The highly-touted and most prestigious award in the scientific arena was captured today, Tuesday October 8, 2013, by Englishman Peter Higgs and fellow Belgian physicist Francois Englert. Although several scientists had a hand in theorizing the existence of the mass-giver Higgs particle, these two led the charge in conjuring the precise mathematical equations by which the particles in our Universe have mass.
Last year in July of 2012, the most ambitious particle accelerator ever realized finally glimpsed the minute emergence of the Higgs particle. The Large Hadron Collider was built for this very purpose, as physicists pushed the envelope to peer deeper into the nature of reality. Out of trillions of events (particle collisions) caught by the huge, complex detectors, scientists at CERN toiled day and night to sift through the data and find the Higgs particle. Although they all deserve credit for their contribution, Higgs and his counterparts from the 1960s made it all possible. It took 50 years for experimental sophistication to catch up with mathematical theory, and now man has yet another answer to a deceptively basic question: why do things have mass?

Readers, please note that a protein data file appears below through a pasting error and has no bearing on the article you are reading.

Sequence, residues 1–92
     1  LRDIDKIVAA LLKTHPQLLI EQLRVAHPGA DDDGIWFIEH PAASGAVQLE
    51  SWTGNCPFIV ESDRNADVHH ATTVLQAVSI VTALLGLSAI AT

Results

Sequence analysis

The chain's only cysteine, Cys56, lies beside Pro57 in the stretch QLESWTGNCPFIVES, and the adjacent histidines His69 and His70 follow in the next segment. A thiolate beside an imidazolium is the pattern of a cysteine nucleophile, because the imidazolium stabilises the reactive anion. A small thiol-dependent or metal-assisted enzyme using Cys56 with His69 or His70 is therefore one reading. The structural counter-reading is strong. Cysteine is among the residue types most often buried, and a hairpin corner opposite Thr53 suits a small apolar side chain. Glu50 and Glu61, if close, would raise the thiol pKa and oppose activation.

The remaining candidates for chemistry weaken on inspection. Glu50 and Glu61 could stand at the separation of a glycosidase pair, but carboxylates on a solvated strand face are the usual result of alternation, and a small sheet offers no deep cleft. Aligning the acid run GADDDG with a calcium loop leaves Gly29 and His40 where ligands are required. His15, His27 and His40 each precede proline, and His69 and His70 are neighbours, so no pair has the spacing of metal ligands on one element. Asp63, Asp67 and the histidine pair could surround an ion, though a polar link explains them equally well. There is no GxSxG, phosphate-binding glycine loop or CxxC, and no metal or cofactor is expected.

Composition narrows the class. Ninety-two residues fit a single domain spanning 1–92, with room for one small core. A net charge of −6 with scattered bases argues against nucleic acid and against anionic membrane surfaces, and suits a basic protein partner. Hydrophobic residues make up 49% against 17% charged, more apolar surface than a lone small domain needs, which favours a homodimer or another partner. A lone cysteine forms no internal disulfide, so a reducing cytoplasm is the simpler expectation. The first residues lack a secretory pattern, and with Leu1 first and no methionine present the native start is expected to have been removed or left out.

Upon receiving the award, Professor Higgs took the opportunity to remind the public of the continuous need to support science. The Higgs particle could not have been found if not for the billions of dollars poured into the accelerator. “I’m overwhelmed to receive this award and thank the Swedish Academy. I hope this recognition of fundamental science will help raise awareness of the value of blue-sky research.”
The term blue-sky research refers, specifically, to loftier scientific endeavors where it isn’t immediately obvious how the results will be applied to everyday appliances like better cell phones and more efficient refrigerators. It recognizes the singular ability of the scientific discoveries to push the general envelope of technology, such as the unexpected invention of Styrofoam through advances in rocket science, or the necessity of Einstein’s Special and General Theories to the proper functioning – indeed; outright existence – of satellites and cell phones. There's no telling what future discoveries may result from the Higgs particle.
The formidable physicist Francois Englert actually published the mathematical results before Higgs – who followed independently just weeks later, and explicitly predicted the boson – rightfully shared in the $1.25 million Nobel Prize. Aided by his recently-deceased lab partner Robert Brout, they were joined by a litany of other publishers – but the Nobel Prize can only be awarded to three at most, and their papers were published last. The discovery of the Higgs particle by the LHC has, at the very least, bolstered the strength of the calls for a newer and more powerful machine.